Argued: April 28, 2015.
Appeal from the United States District Court for the Northern District of Illinois, Eastern Division. No. 12 CR 497-1 -- Sharon Johnson Coleman, Judge.
Before FLAUM, KANNE, and WILLIAMS, Circuit Judges.
Flaum, Circuit Judge.
Jason Dade, a former licensed real estate agent, pleaded guilty to one count of bank fraud, 18 U.S.C. § 1344, for his role in helping prospective real estate buyers assemble fraudulent mortgage loan applications.
On appeal Dade challenges one aspect of his sentence: He contests the district court's decision to apply a 2-level upward adjustment for his aggravating role in the offense. See U.S.S.G. § 3B1.1(c). Because the court did not clearly err in applying the adjustment, we affirm.
Over a four-year period, Dade, along with codefendants Cheryl Ware, Tiffini Chism, and Tamika Peters, carried out a mortgage-fraud scheme in which they facilitated bank loans to purchase residential real estate by knowingly providing lenders with false statements and documents. Dade referred potential buyers, including Peters, to Ware and Chism, who were loan officers. Dade provided Ware and Chism with false documents--including payroll stubs and W-2 forms from fake companies--so that unqualified buyers would be approved for loans. On one occasion Dade (with Chism's help) refinanced a mortgage on a property he owned in Chicago, Illinois. On his loan application Dade stated that he was paying monthly rent of $1,450 (he did not live in the house he was refinancing), and he backed up this claim with a rental verification from " Jireh Development Corp." Such entity did not exist, and Dade was actually renting from his mother-in-law for under $600 monthly. As a consequence of this representation on the loan application, Dade was able to receive a $156,000 loan from Fremont Investment & Loan.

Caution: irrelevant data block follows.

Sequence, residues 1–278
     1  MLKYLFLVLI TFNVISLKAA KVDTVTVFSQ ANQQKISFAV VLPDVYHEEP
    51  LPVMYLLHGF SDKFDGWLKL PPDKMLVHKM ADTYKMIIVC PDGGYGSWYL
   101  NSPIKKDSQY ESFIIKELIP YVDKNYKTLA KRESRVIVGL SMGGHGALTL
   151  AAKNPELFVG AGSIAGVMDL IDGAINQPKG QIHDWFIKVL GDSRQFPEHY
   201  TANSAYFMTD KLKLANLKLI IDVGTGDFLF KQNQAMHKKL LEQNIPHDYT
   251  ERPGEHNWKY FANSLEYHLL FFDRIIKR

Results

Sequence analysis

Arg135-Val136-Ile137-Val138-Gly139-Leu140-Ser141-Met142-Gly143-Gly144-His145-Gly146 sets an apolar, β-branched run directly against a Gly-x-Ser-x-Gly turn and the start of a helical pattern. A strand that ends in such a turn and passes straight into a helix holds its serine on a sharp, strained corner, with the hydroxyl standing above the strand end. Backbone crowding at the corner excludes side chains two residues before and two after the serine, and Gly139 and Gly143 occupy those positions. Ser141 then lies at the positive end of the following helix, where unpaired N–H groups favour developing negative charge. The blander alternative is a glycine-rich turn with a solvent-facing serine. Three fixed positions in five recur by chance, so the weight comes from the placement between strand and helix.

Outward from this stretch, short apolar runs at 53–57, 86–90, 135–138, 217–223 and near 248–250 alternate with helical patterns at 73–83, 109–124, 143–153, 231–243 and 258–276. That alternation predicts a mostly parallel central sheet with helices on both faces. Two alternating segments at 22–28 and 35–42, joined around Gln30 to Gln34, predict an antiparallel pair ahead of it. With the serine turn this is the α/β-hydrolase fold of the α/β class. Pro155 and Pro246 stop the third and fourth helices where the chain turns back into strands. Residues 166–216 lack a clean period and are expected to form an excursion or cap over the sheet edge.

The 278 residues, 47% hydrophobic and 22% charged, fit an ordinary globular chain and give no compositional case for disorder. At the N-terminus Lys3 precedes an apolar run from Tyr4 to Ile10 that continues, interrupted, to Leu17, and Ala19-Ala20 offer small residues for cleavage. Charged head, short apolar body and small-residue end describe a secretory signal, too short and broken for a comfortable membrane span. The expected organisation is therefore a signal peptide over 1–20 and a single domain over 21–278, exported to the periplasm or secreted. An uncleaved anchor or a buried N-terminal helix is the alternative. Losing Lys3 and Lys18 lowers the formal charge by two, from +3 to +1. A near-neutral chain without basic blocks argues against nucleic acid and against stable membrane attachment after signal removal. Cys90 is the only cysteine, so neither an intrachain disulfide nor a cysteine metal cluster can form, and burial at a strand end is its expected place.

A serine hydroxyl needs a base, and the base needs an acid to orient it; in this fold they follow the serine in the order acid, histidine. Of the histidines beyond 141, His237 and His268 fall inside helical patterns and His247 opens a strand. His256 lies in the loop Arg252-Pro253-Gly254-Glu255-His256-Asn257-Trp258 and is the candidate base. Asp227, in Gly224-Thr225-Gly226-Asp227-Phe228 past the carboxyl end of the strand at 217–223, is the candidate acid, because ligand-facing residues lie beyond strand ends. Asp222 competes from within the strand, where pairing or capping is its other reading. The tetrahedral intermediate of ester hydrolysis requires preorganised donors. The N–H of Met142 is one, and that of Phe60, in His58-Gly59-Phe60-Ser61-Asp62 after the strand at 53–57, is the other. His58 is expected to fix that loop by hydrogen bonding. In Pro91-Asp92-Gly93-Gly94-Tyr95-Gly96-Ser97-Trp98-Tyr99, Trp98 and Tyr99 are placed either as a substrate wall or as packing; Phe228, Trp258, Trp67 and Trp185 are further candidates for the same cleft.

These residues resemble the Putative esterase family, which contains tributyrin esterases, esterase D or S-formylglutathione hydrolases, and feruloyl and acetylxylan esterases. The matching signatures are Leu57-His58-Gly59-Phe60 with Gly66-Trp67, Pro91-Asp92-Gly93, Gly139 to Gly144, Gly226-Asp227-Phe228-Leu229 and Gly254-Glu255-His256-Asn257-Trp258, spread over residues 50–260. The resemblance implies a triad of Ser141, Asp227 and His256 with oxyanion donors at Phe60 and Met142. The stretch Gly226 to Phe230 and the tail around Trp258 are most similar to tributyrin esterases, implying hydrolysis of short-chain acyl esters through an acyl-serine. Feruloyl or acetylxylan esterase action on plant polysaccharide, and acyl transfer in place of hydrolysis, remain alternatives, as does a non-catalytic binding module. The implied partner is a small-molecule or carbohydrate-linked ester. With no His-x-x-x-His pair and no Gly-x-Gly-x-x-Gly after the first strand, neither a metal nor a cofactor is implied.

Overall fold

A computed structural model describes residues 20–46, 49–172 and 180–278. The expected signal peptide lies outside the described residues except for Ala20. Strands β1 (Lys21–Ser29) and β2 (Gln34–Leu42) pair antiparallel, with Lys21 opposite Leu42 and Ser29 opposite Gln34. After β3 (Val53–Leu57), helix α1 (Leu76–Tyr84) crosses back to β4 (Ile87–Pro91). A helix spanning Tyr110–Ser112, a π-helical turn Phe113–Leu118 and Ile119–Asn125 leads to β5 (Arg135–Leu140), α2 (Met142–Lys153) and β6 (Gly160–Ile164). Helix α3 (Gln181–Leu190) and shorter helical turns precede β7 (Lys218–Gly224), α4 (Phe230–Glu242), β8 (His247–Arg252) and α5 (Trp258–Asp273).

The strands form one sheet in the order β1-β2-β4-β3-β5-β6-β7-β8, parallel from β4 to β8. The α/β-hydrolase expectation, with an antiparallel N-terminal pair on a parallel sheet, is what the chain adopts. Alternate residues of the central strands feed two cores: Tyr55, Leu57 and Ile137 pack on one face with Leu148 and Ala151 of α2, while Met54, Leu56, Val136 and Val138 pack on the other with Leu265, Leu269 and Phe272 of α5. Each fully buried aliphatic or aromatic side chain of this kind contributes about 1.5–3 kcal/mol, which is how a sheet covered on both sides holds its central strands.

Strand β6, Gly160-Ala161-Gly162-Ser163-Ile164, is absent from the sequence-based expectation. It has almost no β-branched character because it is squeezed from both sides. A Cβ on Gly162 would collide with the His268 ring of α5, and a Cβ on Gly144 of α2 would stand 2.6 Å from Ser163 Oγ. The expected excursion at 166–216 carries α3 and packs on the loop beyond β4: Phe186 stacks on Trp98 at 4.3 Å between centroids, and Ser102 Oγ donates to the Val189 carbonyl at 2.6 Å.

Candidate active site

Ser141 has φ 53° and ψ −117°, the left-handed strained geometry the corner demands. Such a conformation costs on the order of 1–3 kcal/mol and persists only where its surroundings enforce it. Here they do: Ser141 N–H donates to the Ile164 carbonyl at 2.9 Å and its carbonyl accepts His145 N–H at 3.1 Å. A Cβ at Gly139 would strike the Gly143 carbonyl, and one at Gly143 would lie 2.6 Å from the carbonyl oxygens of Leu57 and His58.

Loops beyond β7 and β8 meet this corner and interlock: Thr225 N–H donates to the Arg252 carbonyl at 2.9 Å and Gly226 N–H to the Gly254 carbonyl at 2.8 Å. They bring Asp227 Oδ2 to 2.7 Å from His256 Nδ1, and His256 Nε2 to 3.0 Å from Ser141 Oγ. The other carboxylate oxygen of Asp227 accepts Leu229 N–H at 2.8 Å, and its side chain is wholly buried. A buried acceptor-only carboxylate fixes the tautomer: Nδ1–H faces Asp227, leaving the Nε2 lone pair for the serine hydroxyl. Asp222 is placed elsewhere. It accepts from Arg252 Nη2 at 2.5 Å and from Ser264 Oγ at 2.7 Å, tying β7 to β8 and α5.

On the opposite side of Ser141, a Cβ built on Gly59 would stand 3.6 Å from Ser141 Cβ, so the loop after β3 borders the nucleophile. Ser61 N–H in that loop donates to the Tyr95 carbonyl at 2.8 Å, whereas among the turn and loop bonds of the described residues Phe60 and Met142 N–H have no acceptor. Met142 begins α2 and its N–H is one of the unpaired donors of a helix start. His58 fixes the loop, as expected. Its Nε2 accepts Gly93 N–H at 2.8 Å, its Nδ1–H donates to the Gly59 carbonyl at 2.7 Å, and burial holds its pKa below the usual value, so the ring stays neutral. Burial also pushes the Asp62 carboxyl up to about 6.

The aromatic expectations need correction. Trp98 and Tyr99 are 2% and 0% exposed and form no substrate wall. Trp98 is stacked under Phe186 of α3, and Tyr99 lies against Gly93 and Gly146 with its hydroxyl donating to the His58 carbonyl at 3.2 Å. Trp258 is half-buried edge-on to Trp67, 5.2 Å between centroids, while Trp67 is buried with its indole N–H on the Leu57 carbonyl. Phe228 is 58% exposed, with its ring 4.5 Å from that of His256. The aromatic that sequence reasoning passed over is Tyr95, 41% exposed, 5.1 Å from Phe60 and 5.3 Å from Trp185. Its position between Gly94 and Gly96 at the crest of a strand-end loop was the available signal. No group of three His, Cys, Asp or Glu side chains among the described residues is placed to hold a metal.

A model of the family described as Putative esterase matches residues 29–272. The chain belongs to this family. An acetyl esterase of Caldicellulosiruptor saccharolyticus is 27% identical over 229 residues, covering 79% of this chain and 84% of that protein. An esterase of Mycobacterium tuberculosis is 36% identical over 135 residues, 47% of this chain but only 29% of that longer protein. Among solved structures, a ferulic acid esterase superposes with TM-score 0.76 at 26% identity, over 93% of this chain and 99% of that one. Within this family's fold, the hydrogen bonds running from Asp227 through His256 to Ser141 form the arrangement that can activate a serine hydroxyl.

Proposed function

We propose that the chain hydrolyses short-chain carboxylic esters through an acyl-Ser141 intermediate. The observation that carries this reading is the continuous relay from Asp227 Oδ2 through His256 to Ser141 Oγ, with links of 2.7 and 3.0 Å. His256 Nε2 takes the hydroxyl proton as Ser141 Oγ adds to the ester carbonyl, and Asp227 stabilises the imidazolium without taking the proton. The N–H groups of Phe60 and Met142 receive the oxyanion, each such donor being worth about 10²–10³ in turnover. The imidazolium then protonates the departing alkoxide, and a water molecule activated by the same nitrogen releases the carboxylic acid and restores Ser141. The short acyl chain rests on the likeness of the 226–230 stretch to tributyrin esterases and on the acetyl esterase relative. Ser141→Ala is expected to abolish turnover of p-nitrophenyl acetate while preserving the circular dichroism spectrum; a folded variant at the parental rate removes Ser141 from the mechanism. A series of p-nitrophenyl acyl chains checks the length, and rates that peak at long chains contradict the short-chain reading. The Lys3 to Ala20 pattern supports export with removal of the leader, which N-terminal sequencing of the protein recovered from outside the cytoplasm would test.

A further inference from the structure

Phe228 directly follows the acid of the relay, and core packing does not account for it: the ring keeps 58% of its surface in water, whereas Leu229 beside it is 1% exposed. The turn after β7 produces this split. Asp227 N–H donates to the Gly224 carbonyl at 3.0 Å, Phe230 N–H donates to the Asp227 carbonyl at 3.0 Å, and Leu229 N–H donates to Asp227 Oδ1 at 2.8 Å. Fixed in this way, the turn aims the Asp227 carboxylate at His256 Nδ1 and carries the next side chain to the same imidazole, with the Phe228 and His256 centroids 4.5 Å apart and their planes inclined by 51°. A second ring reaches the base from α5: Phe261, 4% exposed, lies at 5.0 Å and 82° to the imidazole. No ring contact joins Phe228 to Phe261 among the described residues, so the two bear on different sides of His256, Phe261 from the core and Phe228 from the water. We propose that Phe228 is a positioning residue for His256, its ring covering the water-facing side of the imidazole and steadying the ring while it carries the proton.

Dade was charged with two counts of bank fraud, 18 U.S.C. § 1344, one count of wire fraud, id. § 1343, and two counts of mail fraud, id. § 1341. He pleaded guilty to one count of bank fraud based on the fraudulent refinancing of his property. In exchange the government dismissed the remaining four charges.
The government initially alerted Dade that it would seek a 2-level upward adjustment for his role as an organizer, leader, manager, or supervisor in the offense, see U.S.S.G. § 3B1.1(c). When preparing the presentence report, however, the probation officer concluded that a 4-level upward adjustment would be appropriate. According to the probation officer, the scheme had involved five or more participants (Dade, Chism, Ware, Peters, numerous buyers, and James Wilson, who provided the fake documents). In the probation officer's view, Dade had organized the scheme by obtaining false documents and referring buyers to Chism and Ware.
The government then adopted the probation officer's position. In support the government recounted its version of the facts underlying the charges dismissed as part of Dade's plea agreement. In Count Two (bank fraud) Chism had referred " Buyer A" to Dade for help in finding two investment properties. Dade encouraged Buyer A to acquire a third property, and Chism told Dade how much income Buyer A would need to qualify for another loan. Dade then provided Chism with fake pay stubs and an employment verification reflecting the necessary salary. In Count Three (wire fraud) Dade had referred Peters to Ware, who prepared a loan application using fake pay stubs provided by Dade. In Count Four (mail fraud) Dade had directed Peters to prepare a fake rent verification for " Buyer B." And in Count Five (mail fraud) Dade had refinanced another residence he owned by providing a loan officer with fake income tax returns and bank statements.
Dade objected to the application of § 3B1.1. Citing United States v. Weaver, 716 F.3d 439 (7th Cir. 2013), Dade argued that the upward adjustment is appropriate only if the defendant exercised ...